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Seance On A Wet Afternoon - Extended Featurette By Michael Stever

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Uploaded on May 6, 2011

VIEW THE FEATURED ARTICLE AT BROADWAYWORLD.COM BELOW:
http://broadwayworld.com/article/BWW-...

SCHWARTZ'S 'SEANCE' IS A 'WICKED' MISTRESS

Actor turned filmmaker Michael Stever, & 'Wicked' lyricist/composer Stephen Schwartz discuss the epic challenges in bringing 'Seance On A Wet Afternoon's' haunting story to the operatic stage.

Written By Michael Stever

Nobody can ever accuse Stephen Schwartz of not consistently exploring his muse, and following the 'Road Less Traveled' where creative endeavors are concerned. After an exhaustive 3 year process, Schwartz, executive producer Michael Jackowitz and The New York City Opera have finally unveiled 'Seance On A Wet Afternoon.' This much anticipated follow up to Schwartz's 'Wicked' is completely removed from The Great White Way, and has sat down in the heart of another New York City Arts institution, the historic Lincoln Center.

Patterned after the 1964 British film directed by Bryan Forbes starring the great Kim Stanley & Richard Attenborough, and based on the novel by Mark McShane, 'Seance' concerns a mentally unstable medium named Myra Foster. Convinced she has yet to receive her proper due for her talents, Myra conjures up an elaborate kidnapping scheme with her husband so she can help the police solve the crime and in turn receive her much deserved moment in the spotlight. The moody, haunting film features tour deforce performances by both Stanley and Attenborough, in addition to a richly atmospheric score by the legendary, late John Barry. For Schwartz's operatic debut, powerhouse soprano Lauren Flanigan as Myra and Kim Josephson as her husband Bill are both phenomenal as their fiercely neurotic co-dependence highlights the dark underbelly of things to come. Novices to the world of opera will also find Schwartz's 'Seance' the perfect vehicle for inspiring interest in the classics.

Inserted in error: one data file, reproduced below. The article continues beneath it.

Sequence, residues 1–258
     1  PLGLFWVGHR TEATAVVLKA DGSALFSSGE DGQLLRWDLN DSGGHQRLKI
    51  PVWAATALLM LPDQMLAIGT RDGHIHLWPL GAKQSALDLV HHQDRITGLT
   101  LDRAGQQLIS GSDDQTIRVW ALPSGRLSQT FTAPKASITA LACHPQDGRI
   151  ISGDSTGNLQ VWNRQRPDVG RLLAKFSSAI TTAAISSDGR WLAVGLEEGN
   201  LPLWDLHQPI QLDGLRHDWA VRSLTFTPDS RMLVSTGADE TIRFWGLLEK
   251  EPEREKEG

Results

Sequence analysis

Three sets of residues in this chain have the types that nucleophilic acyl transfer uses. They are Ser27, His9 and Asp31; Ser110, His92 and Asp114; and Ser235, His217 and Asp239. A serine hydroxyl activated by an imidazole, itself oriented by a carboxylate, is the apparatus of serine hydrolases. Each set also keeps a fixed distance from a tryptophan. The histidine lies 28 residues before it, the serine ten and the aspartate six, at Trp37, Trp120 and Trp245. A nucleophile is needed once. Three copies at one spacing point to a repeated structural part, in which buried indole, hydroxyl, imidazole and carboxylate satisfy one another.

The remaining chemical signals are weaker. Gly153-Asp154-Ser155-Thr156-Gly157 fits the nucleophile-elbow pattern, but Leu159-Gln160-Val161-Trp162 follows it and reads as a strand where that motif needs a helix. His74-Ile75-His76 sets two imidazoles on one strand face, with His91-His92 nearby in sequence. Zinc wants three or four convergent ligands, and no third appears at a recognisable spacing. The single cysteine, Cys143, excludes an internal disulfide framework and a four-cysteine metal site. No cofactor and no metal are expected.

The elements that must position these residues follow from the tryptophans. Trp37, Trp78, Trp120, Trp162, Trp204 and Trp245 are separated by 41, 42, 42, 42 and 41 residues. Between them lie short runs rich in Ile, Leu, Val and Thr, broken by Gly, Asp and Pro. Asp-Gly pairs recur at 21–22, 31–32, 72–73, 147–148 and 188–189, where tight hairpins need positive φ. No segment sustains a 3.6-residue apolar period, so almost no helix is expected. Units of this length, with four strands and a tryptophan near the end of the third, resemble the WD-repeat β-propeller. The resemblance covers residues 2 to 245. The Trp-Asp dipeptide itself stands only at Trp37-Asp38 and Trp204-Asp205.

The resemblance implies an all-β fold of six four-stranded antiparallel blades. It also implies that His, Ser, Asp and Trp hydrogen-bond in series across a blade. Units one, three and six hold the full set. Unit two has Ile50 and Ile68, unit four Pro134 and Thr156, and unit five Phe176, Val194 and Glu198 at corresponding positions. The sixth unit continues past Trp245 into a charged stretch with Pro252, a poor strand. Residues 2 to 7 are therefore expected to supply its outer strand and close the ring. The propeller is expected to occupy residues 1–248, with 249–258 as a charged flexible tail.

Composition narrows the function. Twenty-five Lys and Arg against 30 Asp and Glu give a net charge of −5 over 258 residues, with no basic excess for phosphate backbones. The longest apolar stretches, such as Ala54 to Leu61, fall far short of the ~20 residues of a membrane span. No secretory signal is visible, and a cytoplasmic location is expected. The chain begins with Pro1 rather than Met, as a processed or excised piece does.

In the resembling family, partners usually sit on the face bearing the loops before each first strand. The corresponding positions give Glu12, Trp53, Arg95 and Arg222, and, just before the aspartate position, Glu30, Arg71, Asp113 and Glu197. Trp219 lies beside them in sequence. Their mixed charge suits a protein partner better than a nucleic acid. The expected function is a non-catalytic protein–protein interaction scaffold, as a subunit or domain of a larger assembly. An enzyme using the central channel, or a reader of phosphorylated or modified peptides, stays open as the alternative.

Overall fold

Having been invited to film an exclusive sneak-peak rehearsal in New York City with the Chelsea Symphony back in 2009, I knew that Stephen Schwartz was by no means taking on an easy path with this particular undertaking. As the smoke cleared, and the paranormal chills settled I asked Stephen about the difficulties and challenges he faced with this particular foray into the supernatural.

Stever: Where the 'Opera World' is concerned, did you find the challenges that presented themselves to be unique for 'Seance?'

Schwartz: I began thinking I would use a similar writing technique to that which I have learned works for me for musical theatre: Have a very clear outline and then begin musically by following the "path of least resistance" --
with the aria or area that is clearest to me. I found I couldn't do that with an opera. Instead, I had to have a complete libretto before I could begin composing (although some of the libretto changed as it got "lyricized" or as parts of the story developed during the writing process.) Other than one or two musical motifs I worked out in advance, I basically started at the beginning and wrote sequentially, again a different process for me. And I wrote every note of the piano/vocal score out by hand, as opposed to working out songs on the keyboard and, once done, playing them into the computer for transcription purposes.

I also had to take into account the nature of legit voices, so that I tried to consider such things as vocal passagios to make sure things were set where they were comfortable for the singers (and also set in such a way that as many of the words as possible could be understood, despite the vowel distortion that sometimes must occur in legit singing). And of course I knew that the voices, unlike in contemporary musical theatre, would be unamplified, and therefore the music had to be composed so that the voices could be heard and understood without relying on microphones and mixing boards.

Lastly, there was the challenge of orchestration, so important a part of composing an opera, but not a task expected to be done by the composer of musical theatre. Orchestrating a complete two-and-a-half hour opera for an orchestra of 50+ took me an entire year, and even then it wouldn't have been possible for me without the mentorship of Bill Brohn, who had orchestrated Wicked for me and had extensive experience in classical orchestration.

Stever: Were you inspired at all by John Barry's score for the film?

Schwartz: I was inspired by the moodiness of Barry's score, though I don't think mine bears any resemblance to it. Well, perhaps a bit in the orchestral Prelude to the first act. I have admired many of Barry's scores, particularly that for The Lion In Winter, but I don't feel that he is one of the composers who influence my career.

Stever: Have you ever consulted the advice of a medium?

Schwartz: I did do research, needless to say, but not to the extent of actually attending a seance myself.

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